Last year I received an email from Amazon for Cyber Monday, the next “holiday” after Black Friday. It listed a number of board games and one of them was Survive: Escape from Atlantis! with a note on the cover saying it was the 30th Anniversary Edition.
This intrigued me because I’d never heard of the game before. So I snagged it on sale along with others and waited to see what the game was all about. If it’s been around for thirty years, I figured, it had to have some staying power.
Good news: It does. And you definitely want this game for your collection along with all the expansions you can gather!
Let’s start with the premise. You, an intrepid explorer, has found the fabled Atlantis and have been merrily exploring the island! However the island has started to sink and you need to evacuate yourself and your team before you perish – don’t worry, there’s small islands off to the sides you can escape to and survive… if you can get past the sharks and sea serpents, the whales and your competitor who wants to be the only one alive to report the find!
That’s the story. Now let’s set up the board! You start with a lovely board with the aforementioned islands in each corner. The base game goes from two – four players so there’s plenty of room to stake out your home base. Next you build the island.
Yes – I said build the island. That’s one of the big draws of this game – every time you play it’ll be different. Each player now takes a turn to place one hexagon tile on the board within the defined lines. There’s three types of terrain – beach, forest and mountain. And the tiles vary in thickness from the thin beaches to the thicker forest to the Very Tall mountains. So after you run out of tiles you’ve built a three-dimensional board to play on.
After this you choose a color and collect your meeples/valiant explorers. Players rotate placing one meeple on any tile until you’ve placed them all – and each player gets two boats that they can put next to any tile (not only the beaches) to collect and sail your meeples to safety. Each boat holds three meeples… but anyone can use any boat!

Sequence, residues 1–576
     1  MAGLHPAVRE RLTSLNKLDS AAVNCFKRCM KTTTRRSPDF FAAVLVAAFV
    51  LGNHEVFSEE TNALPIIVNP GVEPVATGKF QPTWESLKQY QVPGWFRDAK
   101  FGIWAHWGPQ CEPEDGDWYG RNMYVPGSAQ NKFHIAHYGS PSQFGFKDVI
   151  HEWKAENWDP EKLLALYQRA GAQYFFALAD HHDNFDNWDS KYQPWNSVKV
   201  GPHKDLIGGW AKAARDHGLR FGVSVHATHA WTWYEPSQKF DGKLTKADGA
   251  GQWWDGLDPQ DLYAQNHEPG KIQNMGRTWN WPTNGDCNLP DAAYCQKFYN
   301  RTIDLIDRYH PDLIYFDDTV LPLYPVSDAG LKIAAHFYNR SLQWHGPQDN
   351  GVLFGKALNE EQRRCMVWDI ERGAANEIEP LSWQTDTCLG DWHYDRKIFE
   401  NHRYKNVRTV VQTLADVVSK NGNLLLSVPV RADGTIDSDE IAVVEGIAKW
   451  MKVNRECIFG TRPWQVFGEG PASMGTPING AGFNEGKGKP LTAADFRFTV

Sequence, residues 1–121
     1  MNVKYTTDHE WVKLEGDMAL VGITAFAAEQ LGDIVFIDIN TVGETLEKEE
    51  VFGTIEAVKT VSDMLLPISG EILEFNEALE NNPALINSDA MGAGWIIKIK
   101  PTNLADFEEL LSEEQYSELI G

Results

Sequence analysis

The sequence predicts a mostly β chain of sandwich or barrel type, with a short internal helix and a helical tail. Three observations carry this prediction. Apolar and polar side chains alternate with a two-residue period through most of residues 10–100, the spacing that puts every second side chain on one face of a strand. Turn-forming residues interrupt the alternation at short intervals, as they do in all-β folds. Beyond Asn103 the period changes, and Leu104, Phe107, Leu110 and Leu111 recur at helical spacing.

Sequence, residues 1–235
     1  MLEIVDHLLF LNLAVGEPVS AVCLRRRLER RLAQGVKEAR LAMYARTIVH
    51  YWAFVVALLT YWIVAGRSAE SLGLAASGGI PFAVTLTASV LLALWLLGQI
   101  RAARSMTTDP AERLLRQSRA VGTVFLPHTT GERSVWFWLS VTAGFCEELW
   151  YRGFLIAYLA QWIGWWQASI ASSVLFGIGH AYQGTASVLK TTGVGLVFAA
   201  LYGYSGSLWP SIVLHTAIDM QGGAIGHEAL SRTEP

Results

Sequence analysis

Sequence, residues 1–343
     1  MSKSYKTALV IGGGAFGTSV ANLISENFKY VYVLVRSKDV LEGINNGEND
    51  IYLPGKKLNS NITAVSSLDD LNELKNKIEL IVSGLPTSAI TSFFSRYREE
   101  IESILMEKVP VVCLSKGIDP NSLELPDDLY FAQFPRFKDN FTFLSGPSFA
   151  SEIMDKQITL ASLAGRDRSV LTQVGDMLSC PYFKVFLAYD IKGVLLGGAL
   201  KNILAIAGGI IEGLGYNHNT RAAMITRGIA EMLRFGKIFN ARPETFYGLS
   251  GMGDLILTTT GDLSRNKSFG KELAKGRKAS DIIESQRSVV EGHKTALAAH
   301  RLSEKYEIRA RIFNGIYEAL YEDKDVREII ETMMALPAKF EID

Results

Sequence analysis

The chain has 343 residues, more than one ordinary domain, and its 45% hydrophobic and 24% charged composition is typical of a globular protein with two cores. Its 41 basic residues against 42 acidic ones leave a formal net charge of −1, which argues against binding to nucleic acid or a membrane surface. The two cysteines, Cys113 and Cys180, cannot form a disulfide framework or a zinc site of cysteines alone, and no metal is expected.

Each turn you must play a tile (more on that in a second) take a tile off the map and move some meeples – or the boat they’re in. When you remove a tile you check the information on the back and see if it can help you or hinder your opponents because there’s more danger here than just the island sinking! Sharks roam the waters eager to snap up meeples swimming to safety, whales can destroy boats trying to make it to shore and sea serpents not only wipe out boats but also eat the swimming meeples. The tiles allow you to place these creatures and move them around the board to attack your opponent. The opposite is also true however and you can find yourself quickly trying to get your people to shore while chased by a series of sharks.
Some tiles do help out however – some allow you to move sharks away from your position, for example, or bring in dolphins to help your meeples to make to shore. Meanwhile the island is being chipped away and in danger of being destroyed by a volcanic explosion!
There’s another level of strategy being added here – obviously if you have X number of meeples and your opponent have the same number it’s not hard to figure out when you’re falling behind in the count and can’t possibly win the game. A few well-placed sharks or whales and you can lose meeples faster than you can munch potato chips… but there’s a trick here!
It’s not the number of meeples you save that determine the winner – each figure has a small number written on the underside showing how many points that meeple is worth – from one to five points. So you could in theory save only two or three of them and score higher than your opponent who brings home a lot of low-pointed meeples. This final bit makes this a much more fun game and adds more strategy to you and your opponent’s gameplay as you try to put on your poker face and not show where your high-point meeples are while trying to get them to land.
After playing this a few times it’s easy to see why it’s been around for thirty years and why it’s not only spawned expansions but also another upcoming version taking place in Space – it’s a fun game that changes every time you play it and has a level of strategy that makes it great for family play. Add in the three-dimensional game surface and I’m wondering why I didn’t find this game before!
If you’re looking for a fast fun game for your family shelf I highly recommend Survive – it can be played with just two players but runs best with four – and the expansions allow you to go up to six players, making this a great game for your buddies!